My recommendation is to use a plugin to get this done over importing a sample each time. It'll be faster (and cooler) and speed is the name of the game here. Here's a list of the plugins you'll likely use and which DAW you can find them in, plus one you can download if yours doesn't have one:
I'd grab Credland Audio's plugin above if I didn't have one just to have one made for that specific purpose. Otherwise you'll have to find a synthesizer plugin that manages to have the option to generate this style of noise. And you'll have to go through a ton of steps to create it each time. Go for speed!
It's really that simple. It's a three step process that can happen super fast compared to the old method. The key is that pink noise exists outside of your mix and is a constant in terms of volume and energy, matching exactly how we perceive frequencies.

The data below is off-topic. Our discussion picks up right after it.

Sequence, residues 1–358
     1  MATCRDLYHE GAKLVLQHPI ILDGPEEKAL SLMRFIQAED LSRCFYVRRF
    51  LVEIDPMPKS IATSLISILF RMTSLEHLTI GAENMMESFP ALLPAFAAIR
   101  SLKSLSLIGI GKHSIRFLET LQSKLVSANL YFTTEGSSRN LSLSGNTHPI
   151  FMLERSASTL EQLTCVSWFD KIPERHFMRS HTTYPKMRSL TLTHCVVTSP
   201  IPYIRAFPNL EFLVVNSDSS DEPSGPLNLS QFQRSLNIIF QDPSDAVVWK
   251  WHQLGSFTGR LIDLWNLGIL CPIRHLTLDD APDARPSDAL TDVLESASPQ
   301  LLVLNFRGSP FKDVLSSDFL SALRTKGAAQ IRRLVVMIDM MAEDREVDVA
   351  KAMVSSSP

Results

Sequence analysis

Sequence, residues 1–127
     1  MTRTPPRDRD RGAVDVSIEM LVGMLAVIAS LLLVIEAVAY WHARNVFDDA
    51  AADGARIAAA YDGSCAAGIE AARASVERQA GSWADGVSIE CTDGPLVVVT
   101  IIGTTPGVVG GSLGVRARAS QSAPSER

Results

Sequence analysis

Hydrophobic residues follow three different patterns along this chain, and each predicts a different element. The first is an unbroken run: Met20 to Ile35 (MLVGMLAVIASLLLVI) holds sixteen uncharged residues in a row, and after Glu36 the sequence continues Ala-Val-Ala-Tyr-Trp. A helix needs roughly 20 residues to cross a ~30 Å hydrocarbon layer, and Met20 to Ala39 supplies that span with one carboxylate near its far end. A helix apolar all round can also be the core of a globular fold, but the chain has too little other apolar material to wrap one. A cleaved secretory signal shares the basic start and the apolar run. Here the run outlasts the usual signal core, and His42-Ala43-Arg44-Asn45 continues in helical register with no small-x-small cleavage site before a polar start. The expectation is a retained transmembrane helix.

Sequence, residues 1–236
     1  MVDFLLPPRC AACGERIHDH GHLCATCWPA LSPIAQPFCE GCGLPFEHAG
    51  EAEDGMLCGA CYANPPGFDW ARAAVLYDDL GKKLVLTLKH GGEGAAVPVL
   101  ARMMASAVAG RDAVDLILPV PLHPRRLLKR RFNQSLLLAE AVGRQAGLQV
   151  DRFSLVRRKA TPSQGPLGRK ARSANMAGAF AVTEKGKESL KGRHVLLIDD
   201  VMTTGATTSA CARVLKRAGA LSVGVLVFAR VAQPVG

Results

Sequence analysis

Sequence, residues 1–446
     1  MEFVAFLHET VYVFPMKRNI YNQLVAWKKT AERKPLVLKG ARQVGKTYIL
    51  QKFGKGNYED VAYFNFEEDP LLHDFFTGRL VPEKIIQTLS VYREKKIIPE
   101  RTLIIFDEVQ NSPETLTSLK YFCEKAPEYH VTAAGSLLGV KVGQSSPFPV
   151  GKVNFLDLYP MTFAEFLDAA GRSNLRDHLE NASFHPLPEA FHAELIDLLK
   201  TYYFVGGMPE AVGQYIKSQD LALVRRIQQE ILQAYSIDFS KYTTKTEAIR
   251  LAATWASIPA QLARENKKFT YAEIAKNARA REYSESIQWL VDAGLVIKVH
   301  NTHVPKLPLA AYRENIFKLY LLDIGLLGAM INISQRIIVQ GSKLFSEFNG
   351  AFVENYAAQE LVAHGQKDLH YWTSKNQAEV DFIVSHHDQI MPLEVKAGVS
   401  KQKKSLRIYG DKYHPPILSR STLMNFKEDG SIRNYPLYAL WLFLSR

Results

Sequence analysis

And because it follows the same logarithmic pattern as our ears do, it's a perfect guide to the right volume no matter the frequency ranges we're working with. If you were to look at a perfectly balanced, dense mix in a frequency analyzer, it would look very similar to the downward sloping pink noise curve.
Setting volume levels is a challenge for even professionals, causing us to get lost in these details instead of making progress with signal processing. Pink noise mixing is a life saver for those of us that keep re-tweaking volumes constantly.